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Exploring the Changing Roles of Maya E-groups: Geochemical Analysis of E-group Plaster Floors at Actuncan, Belize

Author(s): Borislava Simova ; E. Christian Wells ; Lisa LeCount

Year: 2017

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Summary

E-Groups were among the first monumental spaces constructed in Middle Preclassic Maya centers and served as important venues for negotiating social interactions and political integration of newly settled peoples. Starting in the Late Preclassic period, their roles began to shift. At some sites, such as Tikal and Uaxactun, votive offerings signifying communal ritual were replaced with dedicatory stelas or royal interments marking exclusionary practices and political appropriation of these spaces. Excavations within the eastern platform of Actuncan’s E-group lend evidence to suggest a different trajectory. Rather than exhibiting practices of exclusionary kingship seen at central Petén E-Groups, the Maya of Actuncan continued to cache ceramics and erect a variety of wooden features interpreted as temporary altars, shrines, or world trees. To help further understand the kinds of activities that occurred at Actuncan’s E-Group and how they might have changed through time, we conducted geochemical analysis of five sequential occupation surfaces spanning the Late Preclassic Period (300 BC-AD 250). Results indicate the nature and distribution of activities during this period with implications for understanding the role of E-groups in the evolution of Actuncan’s site core.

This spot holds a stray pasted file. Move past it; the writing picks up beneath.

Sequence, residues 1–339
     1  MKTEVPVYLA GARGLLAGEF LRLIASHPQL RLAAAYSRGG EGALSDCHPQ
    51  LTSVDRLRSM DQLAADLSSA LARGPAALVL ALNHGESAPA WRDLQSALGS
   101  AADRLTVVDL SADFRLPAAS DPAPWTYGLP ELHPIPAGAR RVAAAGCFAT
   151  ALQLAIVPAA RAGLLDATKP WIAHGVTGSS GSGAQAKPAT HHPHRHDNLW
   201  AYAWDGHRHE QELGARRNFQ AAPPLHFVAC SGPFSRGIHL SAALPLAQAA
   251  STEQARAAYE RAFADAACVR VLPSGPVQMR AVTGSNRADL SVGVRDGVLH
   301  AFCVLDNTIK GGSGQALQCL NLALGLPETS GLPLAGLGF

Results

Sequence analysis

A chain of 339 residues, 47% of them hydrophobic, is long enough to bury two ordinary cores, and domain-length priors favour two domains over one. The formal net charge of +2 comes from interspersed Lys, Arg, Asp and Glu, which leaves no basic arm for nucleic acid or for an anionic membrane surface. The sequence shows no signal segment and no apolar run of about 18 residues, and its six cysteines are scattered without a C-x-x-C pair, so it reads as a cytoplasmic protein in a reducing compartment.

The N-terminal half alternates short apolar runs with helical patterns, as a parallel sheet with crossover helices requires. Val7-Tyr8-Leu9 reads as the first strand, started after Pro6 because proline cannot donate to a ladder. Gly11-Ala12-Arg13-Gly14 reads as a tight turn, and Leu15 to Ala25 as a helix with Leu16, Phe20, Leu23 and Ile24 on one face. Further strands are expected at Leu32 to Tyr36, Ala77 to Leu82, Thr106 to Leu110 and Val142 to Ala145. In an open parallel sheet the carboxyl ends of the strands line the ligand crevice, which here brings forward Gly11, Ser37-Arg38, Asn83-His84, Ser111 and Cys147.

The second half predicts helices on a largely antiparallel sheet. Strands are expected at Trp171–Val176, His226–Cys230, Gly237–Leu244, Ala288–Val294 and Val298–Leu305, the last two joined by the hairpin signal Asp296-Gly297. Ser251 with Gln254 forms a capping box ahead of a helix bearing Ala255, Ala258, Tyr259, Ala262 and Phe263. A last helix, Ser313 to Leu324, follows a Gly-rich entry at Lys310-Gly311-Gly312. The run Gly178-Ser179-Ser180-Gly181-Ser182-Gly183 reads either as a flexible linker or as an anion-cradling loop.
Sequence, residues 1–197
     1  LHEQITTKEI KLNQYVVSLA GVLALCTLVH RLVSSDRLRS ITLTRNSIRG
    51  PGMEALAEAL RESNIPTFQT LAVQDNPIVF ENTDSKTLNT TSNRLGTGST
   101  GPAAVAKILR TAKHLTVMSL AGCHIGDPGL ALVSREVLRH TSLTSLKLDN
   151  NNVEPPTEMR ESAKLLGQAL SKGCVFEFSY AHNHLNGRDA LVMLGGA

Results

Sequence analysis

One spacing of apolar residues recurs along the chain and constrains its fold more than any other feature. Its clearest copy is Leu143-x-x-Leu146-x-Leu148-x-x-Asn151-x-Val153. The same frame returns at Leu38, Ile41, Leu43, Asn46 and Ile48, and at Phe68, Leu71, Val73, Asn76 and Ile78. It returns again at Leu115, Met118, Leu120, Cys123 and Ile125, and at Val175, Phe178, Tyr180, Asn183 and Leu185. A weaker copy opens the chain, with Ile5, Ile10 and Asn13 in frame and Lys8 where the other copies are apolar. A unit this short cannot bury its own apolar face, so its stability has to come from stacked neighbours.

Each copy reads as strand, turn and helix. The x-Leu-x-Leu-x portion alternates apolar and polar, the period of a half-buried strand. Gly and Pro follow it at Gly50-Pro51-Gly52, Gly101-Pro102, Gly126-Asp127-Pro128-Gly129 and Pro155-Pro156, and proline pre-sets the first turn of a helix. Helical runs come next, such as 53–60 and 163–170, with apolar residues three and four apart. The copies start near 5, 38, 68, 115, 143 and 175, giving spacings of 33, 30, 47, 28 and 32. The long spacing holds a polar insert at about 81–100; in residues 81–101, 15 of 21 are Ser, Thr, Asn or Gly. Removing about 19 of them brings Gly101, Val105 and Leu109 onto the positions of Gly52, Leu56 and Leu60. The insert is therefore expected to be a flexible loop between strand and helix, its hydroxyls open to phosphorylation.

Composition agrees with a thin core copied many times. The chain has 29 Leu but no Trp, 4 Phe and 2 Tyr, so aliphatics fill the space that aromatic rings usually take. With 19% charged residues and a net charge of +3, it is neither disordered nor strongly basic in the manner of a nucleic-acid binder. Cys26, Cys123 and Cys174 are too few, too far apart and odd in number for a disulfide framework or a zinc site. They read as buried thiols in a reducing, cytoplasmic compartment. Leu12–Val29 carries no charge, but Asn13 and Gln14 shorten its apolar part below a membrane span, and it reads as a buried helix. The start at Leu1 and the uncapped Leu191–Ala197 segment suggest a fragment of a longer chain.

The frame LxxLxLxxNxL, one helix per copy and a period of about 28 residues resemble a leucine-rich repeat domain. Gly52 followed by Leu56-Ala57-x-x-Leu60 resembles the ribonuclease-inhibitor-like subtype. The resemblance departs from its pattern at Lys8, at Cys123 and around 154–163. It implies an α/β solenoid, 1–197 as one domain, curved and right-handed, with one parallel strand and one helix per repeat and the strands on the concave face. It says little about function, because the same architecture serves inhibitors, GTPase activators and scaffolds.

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Cite this Record

Exploring the Changing Roles of Maya E-groups: Geochemical Analysis of E-group Plaster Floors at Actuncan, Belize. Borislava Simova, E. Christian Wells, Lisa LeCount. Presented at The 81st Annual Meeting of the Society for American Archaeology, Vancouver, British Columbia. 2017 ( tDAR id: 431433)


Keywords

Geographic Keywords
Mesoamerica


Spatial Coverage

min long: -107.271; min lat: 12.383 ; max long: -86.353; max lat: 23.08 ;

Record Identifiers

Abstract Id(s): 14834

Arizona State University The Andrew W. Mellon Foundation National Science Foundation National Endowment for the Humanities Society for American Archaeology Archaeological Institute of America